Istanbul was Constantinople

If you like this video, go to this page where there are about four others.  One shows craftsmen in from Fez, Morocco building an intricately carved courtyard in the museum.


I’ve been reading Susan Wise Bauer’s The History of the Medieval World.  So far as I can tell, it doesn’t even cover the high medieval era, but it does a bang-up job of the 600-700s.  If you thought not much happened during those years (a.k.a., the Dark Ages), you’d be mistaken.  Among other things, an Abassid dinar made its way to the kingdom of Mercia, in now-Christian southern England, where the king’s silversmith admired the pretty pattern of the Arabic writing and unwittingly copied “There is no God But Allah and Muhammad is His Prophet” on the back of the kingdom’s new coins–upside down!

That’s not all, of course.  Lots of people got beheaded and poisoned, especially if they were aspirants to a throne, and the book explains the origins of what are now many small states in Eastern Europe and Western Asia.  If you tried to memorize all this stuff, you’d never finish the book, but it’s good for the sweep of history.

Meanwhile, Bob is in New York City.  Actually, he’s been in the US for almost three weeks, and he keeps sending me iPhone photos of familiar places in the city, which makes me slightly wistful.  He may also go to Turkey soon.

Maybe because of Bob’s travels, maybe because of my reading, or maybe because Sarie is reading The Song of Roland, a medieval epic which probably couldn’t possibly misunderstand the Islamic world more than it does, I wound up on the Metropolitan Museum website this afternoon, looking at two exhibits, Byzantiun and Islam, Age of Transition, and the New Galleries for the Art of the Arab Lands, Turkey, Iran, Central Asia, and Later South Asia (a ponderous name if there ever was one).  I love the Metropolitan Museum’s website, and especially the timelines, because you can enlarge so many works of art to incredible detail, and there’s all sorts of background information.  It’s a great learning resource.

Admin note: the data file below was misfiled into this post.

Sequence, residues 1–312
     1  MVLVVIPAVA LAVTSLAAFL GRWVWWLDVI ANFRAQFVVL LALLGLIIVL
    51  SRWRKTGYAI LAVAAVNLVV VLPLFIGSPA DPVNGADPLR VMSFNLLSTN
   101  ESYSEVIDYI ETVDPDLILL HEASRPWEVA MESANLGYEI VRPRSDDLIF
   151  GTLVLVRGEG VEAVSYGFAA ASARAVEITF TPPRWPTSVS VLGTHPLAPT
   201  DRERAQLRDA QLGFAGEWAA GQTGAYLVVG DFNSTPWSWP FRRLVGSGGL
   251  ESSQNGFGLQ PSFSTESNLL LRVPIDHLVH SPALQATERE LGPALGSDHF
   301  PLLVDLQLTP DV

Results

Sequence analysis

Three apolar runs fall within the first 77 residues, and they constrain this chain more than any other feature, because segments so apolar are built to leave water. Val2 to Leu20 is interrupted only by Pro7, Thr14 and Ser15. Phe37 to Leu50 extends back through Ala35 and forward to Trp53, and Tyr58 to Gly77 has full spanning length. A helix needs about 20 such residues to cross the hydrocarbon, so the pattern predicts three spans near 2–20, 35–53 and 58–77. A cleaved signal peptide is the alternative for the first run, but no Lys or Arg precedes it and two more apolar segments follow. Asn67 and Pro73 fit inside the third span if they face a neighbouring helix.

We moved to Italy the month before the Islamic galleries at the Metropolitan Museum opened again after a ten-year closing.  In fact, every time we thought we might move and didn’t, I thought, “Surely now I’ll get to see the Islamic galleries reopen.”  But we didn’t.  So it’s definitely on my to see list if we get to come back in August, as we are currently considering.

Anyway, though we don’t live in the same city with the Metropolitan Museum anymore, I recently enjoyed the collection of Islamic glassware and ceramics at the Palazzo Madama here in Torino.  So I’ll leave you with some photos I took when I was there.  I think these are all from what is now Iran. I’m no scholar of Islamic art, but I do like ceramics, and these hopefully speak for themselves.


Early spring evening

I am on my kitchen balcony this afternoon watering my new herbs in bare feet.  It’s 75 degrees and the concrete feels warm on my feet.  As I walk back inside the kitchen a bird sings with variety and enthusiasm.  Later, sitting at the desk, a blackbird lands on the railing outside the open door.  That’s a first.  Is it the same bird?  I don’t know.  I go about my tasks with a sense of well-being.

At six o’-clock, as the sun sets and Sarie starts her online class in the US (one hour earlier this week), she calls, “Come look at the clouds!”  So I go out on the living room balcony and see bright orange pink strips of clouds streaming across the sky to the west, between the buildings.  The back balconies face into a sort of open courtyard, because one building was partly torn down. (Wartime bombs, maybe?) I can imagine how this sunset must look in the mountains just west the city.  And I can see Sarie on the next balcony, with her laptop, watching the sky turn pinker as about six bats dance around. (The class is discussing Boethius, who was Roman.)  I can still hear varied and complex bird songs.